Ultraviolet (UV) light from the sun is the main environmental cause of most skin cancers. UV light damages the DNA (genetic material) in our skin cells and can cause skin cancer.
Overexposure to the sun or sunburn in childhood are important risk factors in the development of basal cell cancers. It’s likely that skin damage from UV light during childhood doesn’t show up until many years later
Skin cancer is more common than it used to be. This is because people are living longer so their lifetime sun exposure is greater. Sun exposure over a lifetime is more significant for squamous cell cancers.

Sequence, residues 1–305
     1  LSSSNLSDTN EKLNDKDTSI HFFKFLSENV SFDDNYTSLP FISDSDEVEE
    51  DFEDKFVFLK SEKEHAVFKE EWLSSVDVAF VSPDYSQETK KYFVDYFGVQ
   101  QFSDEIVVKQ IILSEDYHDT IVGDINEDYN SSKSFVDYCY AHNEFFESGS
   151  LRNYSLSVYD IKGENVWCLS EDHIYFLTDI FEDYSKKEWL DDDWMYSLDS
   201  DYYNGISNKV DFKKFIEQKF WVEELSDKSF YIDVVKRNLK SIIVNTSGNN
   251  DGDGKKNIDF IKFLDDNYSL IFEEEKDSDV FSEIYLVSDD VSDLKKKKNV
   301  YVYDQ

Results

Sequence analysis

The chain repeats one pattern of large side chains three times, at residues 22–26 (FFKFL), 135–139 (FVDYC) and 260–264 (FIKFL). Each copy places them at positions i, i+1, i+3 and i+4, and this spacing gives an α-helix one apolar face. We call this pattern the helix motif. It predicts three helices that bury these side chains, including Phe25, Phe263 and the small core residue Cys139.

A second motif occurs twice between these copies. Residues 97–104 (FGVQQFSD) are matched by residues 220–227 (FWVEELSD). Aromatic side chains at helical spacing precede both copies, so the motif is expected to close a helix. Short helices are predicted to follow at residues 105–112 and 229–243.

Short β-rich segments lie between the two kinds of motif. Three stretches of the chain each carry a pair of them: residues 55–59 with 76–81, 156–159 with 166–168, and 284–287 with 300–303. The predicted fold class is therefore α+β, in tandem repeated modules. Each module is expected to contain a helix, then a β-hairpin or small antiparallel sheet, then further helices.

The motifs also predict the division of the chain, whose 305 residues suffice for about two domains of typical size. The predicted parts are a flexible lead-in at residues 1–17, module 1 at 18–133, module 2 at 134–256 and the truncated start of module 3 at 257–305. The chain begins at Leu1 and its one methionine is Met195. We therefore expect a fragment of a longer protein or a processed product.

People who work outdoors for a living, such as farm workers, builders and gardeners, are at an increased risk of developing skin cancer because they are often exposed to the sun for long periods of time. This is relevant for both squamous cell and basal cell cancers.
A fair-skinned person who tends to go red or freckle in the sun will be most at risk. Children and young adults who have been overexposed to the sun have an increased risk of developing some form of skin cancer, especially if they have fair skin. This will not show up until later on in life – usually after the age of 40, and often not until the age of 60 or 70. Black- or brown-skinned people have an extremely low risk of developing skin cancer because the pigment melanin in their skin gives them protection.